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Original author(s) John MacFarlane
Initial release 10 August 2006 (10 years ago) (2006-08-10)
Stable release
1.19 / 1 December 2016 (6 months ago) (2016-12-01)
Development status Active
Written in Haskell
Operating system Unix-like, OS X, Windows
License GNU GPLv2

Pandoc is a free and open-source software document converter, widely used as a writing tool (especially by scholars)[1][2][3][4] and as a basis for publishing workflows.[5][6][7][8][9] It was originally created by John MacFarlane, a philosophy professor at the University of California, Berkeley.[10]

Supported file formats[edit]

Pandoc's most thoroughly supported file format is an extended version of Markdown, but it can also read many other forms of lightweight markup language, HTML, ReStructuredText, LaTeX, OPML, Org-mode, DocBook, and Office Open XML (Microsoft Word .docx).

It can be used to create files in many more formats, including Office Open XML, OpenDocument, HTML, Wiki markup, InDesign ICML, web-based slideshows,[11] ebooks,[12] OPML, and various TeX formats (through which it can produce a PDF). It has built-in support for converting LaTeX mathematical equations to MathML and MathJax, among other formats.

Plug-ins for custom formats can also be written in Lua, which has been used to create an exporting tool for the Journal Article Tag Suite.[13]

Integration with reference managers[edit]

An included module, pandoc-citeproc, allows the program to use data from reference management software such as BibTeX, EndNote, Mendeley, or Papers. It has the ability to integrate directly with Zotero.[14] The information is automatically transformed into a citation in various styles (such as APA, Chicago, or MLA) using an implementation of the Citation Style Language. This allows the program to serve as a simpler alternative to LaTeX for producing academic writing.[15]


  1. ^ Mullen, Lincoln (2012-02-23). "Pandoc Converts All Your (Text) Documents". The Chronicle of Higher Education Blogs: ProfHacker. Retrieved 2014-06-27. 
  2. ^ McDaniel, W. Caleb (2012-09-28). "Why (and How) I Wrote My Academic Book in Plain Text". W. Caleb McDaniel at Rice University. Retrieved 2014-06-27.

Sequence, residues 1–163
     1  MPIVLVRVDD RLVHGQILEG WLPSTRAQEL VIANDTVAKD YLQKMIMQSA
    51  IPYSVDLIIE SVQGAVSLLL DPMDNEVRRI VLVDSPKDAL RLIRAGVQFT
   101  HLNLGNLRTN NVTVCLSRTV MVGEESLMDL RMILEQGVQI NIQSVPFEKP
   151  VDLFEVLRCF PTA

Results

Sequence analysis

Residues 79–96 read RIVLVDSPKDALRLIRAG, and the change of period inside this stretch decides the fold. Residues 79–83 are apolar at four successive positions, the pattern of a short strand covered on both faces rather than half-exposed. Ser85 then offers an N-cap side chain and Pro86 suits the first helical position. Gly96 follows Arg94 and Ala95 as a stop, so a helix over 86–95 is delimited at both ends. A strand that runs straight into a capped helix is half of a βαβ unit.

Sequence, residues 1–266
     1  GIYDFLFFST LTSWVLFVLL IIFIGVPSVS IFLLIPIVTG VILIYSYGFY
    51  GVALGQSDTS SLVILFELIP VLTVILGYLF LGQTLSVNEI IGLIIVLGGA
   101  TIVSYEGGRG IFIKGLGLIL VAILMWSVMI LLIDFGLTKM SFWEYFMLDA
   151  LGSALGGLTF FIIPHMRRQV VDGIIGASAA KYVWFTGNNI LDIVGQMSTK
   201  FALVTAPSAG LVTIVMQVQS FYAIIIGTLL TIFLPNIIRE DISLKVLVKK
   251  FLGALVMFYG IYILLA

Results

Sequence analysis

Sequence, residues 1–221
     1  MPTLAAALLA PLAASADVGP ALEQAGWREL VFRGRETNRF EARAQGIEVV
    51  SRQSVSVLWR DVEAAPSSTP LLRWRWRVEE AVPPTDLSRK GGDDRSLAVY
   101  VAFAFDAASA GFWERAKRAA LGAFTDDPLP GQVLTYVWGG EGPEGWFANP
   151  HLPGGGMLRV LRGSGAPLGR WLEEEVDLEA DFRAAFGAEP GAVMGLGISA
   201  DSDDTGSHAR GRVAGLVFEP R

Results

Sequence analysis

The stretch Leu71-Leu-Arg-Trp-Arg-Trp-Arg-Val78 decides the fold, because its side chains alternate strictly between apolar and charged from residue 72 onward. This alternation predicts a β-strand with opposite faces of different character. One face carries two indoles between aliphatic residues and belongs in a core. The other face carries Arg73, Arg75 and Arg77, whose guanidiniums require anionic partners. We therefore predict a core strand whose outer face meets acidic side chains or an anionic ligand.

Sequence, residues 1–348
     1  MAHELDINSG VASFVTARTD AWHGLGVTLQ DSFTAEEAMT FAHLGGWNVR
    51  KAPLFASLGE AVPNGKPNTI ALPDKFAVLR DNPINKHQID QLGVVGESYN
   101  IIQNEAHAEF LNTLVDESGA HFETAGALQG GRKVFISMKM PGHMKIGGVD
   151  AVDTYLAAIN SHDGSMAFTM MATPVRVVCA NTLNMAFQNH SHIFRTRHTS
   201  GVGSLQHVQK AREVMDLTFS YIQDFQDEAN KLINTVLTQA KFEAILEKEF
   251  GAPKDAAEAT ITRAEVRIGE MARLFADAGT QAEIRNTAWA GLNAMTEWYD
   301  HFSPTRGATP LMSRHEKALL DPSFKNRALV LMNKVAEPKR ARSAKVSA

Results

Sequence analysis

3. ^ Healy, Kieran (2014-01-23). "Plain Text, Papers, Pandoc". Retrieved 2014-06-27. 
  4. ^ Ovadia, Steven (2014). "Markdown for Librarians and Academics". Behavioral & Social Sciences Librarian. 33 (2): 120–124. ISSN 0163-9269. doi:10.1080/01639269.2014.904696. 
  5. ^ Till, Kaitlyn; Shed Simas; Velma Larkai (2014-04-14). "The Flying Narwhal: Small mag workflow". Publishing @ SFU. Retrieved 2014-06-27. 
  6. ^ Maxwell, John (2013-11-01). "Building Publishing Workflows with Pandoc and Git". Publishing @ SFU. Retrieved 2014-06-27. 
  7. ^ Maxwell, John (2014-02-26). "On Pandoc". eBound Canada: Digital Production Workshop, Vancouver, BC. Retrieved 2014-06-27. 
  8. ^ Maxwell, John (2013-11-01). "Building Publishing Workflows with Pandoc and Git". Publishing @ SFU. Retrieved 2014-06-27. 
  9. ^ Krewinkel, Albert; Robert Winkler (2017-05-08). "Formatting Open Science: agilely creating multiple document formats for academic manuscripts with Pandoc Scholar". PeerJ Computer Science. doi:10.7717/peerj-cs.112. Retrieved 2017-05-25. 
  10. ^ "John MacFarlane". Department of Philosophy. University of California, Berkeley. Retrieved 25 July 2014. 
  11. ^ See as an example MacFarlane, John (2014-05-17). "Pandoc for Haskell Hackers". BayHac 2014, Mountain View, CA. Retrieved 2014-06-27.  The source file is written in Markdown.
  12. ^ Mullen, Lincoln (2012-03-20). "Make Your Own E-Books with Pandoc". The Chronicle of Higher Education Blogs: ProfHacker. Retrieved 2014-06-27. 
  13. ^ Fenner, Martin (2013-12-12). "From Markdown to JATS XML in one Step". Gobbledygook. Retrieved 2014-06-27. 
  14. ^ Hetzner, Erik (2014-06-25). "zotxt". Retrieved 2014-06-27. 
  15. ^ Tenen, Dennis; Grant Wythoff (2014-03-19). "Sustainable Authorship in Plain Text using Pandoc and Markdown". The Programming Historian. Retrieved 2014-06-27. 

External links[edit]